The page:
The 1867 expansion of the state's southern boundary was prompted by the discovery of gold in the area since officials thought Nevada would be better able to oversee the expected gold rush. By 1872, Nevada mining was an industry of speculation and immense wealth. After 1870, however, the mining industry went into eclipse, as the state's Silverite politicians worked to secure laws to require the federal government to purchase silver.
The discovery of silver and gold in 1910 near Tonopah set off a boom that ended Nevada's Economic depression.

The operators used the best available technology to recover gold and silver from ore, but by modern standards there was much inefficiency and chemical pollution. Methods included the use of the arrastra, the patio process, the Freiberg process, and the Washoe pan process. Estimates of value lost through recovery processes ran as high as 25%. Mine operators sought improved technology, but were unwilling to wait years or decades for it to arrive. No one at the time understood the health problems such metals as mercury could cause.
In the 1770s, Franciscan missionary Francisco Garcés, born in Morata del Conde, Aragon, Spain in 1738, was the first European in the area.[8] Nevada was annexed as a part of the Spanish Empire in the northwestern territory of New Spain. Administratively, the area of Nevada was part of the Commandancy General of the Provincias Internas in the Viceroyalty of New Spain. Nevada became a part of Alta California (Upper California) province in 1804 when the Californias were split. With the Mexican War of Independence won in 1821, the province of Alta California became a territory—not a state—of Mexico, due to the small population. In later years, a desire for increased autonomy led to several attempts by the Alta Californians to gain independence from Mexico.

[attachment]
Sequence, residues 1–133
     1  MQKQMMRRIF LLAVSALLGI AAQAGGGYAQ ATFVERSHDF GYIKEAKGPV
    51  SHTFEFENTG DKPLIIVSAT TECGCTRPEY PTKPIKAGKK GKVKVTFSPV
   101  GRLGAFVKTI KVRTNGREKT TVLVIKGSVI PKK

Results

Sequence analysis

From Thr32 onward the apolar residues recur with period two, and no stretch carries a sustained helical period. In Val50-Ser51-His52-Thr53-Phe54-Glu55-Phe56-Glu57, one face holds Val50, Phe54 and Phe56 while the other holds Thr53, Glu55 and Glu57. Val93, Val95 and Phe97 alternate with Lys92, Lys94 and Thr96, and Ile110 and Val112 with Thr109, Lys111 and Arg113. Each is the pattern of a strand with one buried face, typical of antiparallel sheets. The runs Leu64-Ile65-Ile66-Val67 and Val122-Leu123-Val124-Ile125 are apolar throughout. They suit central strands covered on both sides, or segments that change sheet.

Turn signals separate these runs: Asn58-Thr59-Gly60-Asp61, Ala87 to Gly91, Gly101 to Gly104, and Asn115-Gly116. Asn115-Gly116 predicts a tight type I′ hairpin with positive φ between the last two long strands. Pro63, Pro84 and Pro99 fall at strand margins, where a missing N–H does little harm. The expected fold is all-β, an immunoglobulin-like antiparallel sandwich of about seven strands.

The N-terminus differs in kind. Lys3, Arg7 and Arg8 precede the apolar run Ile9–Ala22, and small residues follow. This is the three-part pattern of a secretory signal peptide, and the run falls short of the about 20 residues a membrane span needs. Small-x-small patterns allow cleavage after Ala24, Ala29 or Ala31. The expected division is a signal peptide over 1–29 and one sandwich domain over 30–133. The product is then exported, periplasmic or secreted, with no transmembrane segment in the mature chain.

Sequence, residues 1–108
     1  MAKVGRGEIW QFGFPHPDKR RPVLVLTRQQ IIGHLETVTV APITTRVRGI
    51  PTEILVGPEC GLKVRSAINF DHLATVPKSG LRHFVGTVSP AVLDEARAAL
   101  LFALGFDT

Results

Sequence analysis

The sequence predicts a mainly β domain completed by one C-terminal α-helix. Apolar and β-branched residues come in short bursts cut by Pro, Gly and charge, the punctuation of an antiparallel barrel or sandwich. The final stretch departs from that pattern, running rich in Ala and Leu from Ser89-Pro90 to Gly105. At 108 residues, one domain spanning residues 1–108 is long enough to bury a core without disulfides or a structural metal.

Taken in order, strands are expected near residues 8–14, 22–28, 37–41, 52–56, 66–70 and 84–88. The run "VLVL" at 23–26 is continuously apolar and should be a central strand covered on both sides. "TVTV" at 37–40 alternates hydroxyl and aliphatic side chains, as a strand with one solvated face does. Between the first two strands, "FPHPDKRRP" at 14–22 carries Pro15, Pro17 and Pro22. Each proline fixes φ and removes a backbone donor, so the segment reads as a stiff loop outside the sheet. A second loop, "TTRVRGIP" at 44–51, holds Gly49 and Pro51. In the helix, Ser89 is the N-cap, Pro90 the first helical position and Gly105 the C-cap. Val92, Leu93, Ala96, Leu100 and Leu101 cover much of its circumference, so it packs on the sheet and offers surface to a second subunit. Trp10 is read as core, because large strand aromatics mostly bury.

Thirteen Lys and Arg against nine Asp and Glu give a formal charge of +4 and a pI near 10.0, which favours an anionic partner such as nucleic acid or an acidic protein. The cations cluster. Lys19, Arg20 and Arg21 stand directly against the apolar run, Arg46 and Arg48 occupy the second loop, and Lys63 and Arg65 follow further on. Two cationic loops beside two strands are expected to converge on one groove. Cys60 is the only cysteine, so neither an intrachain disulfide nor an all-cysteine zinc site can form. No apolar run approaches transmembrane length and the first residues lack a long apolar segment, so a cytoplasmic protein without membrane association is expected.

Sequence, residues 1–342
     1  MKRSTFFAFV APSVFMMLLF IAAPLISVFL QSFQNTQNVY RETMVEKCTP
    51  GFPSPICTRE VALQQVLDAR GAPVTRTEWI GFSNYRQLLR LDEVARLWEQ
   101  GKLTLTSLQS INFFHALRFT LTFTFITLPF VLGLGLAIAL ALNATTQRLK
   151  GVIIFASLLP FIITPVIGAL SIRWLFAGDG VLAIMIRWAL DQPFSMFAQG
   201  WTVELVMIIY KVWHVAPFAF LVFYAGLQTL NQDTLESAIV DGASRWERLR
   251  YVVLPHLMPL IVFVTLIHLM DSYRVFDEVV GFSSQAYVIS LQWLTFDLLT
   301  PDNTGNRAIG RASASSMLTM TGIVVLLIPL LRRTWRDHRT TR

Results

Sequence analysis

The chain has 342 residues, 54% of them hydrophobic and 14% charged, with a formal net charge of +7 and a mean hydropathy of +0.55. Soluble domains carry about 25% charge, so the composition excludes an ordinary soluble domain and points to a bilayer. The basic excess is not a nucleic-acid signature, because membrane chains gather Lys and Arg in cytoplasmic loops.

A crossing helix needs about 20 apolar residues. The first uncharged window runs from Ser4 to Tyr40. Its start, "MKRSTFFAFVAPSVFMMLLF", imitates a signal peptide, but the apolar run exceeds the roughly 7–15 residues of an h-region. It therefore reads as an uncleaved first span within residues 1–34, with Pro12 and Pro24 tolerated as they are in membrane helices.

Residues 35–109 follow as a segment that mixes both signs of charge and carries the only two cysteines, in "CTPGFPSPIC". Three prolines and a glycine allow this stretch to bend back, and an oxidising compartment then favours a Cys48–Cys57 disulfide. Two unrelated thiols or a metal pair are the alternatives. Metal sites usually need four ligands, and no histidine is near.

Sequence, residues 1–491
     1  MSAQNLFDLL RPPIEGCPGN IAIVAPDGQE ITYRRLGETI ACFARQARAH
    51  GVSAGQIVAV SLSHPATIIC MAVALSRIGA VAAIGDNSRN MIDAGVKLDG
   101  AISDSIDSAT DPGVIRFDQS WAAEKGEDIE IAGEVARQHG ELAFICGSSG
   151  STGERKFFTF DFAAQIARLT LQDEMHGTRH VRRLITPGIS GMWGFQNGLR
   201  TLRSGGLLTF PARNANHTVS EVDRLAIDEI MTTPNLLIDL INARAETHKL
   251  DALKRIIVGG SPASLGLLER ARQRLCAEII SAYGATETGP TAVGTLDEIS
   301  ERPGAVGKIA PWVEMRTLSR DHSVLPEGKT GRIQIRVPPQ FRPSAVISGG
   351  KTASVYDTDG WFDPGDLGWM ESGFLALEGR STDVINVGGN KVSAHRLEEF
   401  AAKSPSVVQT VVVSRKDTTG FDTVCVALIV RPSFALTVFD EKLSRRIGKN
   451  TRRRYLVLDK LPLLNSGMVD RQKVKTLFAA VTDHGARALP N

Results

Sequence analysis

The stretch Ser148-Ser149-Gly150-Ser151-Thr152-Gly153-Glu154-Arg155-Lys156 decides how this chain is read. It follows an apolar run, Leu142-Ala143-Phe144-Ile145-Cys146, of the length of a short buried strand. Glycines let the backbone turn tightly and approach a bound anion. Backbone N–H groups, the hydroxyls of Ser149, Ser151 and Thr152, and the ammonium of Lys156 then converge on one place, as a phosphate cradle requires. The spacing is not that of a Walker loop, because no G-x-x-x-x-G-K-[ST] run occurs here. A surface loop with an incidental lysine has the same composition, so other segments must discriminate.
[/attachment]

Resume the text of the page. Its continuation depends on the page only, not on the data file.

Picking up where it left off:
Jedediah Smith entered the Las Vegas Valley in 1827, and Peter Skene Ogden traveled the Humboldt River in 1828. As a result of the Mexican–American War and the Treaty of Guadalupe Hidalgo, Mexico permanently lost Alta California in 1848. The new areas acquired by the United States continued to be administered as territories. As part of the Mexican Cession (1848) and the subsequent California Gold Rush that used Emigrant Trails through the area, the state's area evolved first as part of the Utah Territory, then the Nevada Territory (March 2, 1861; named for the Sierra Nevada)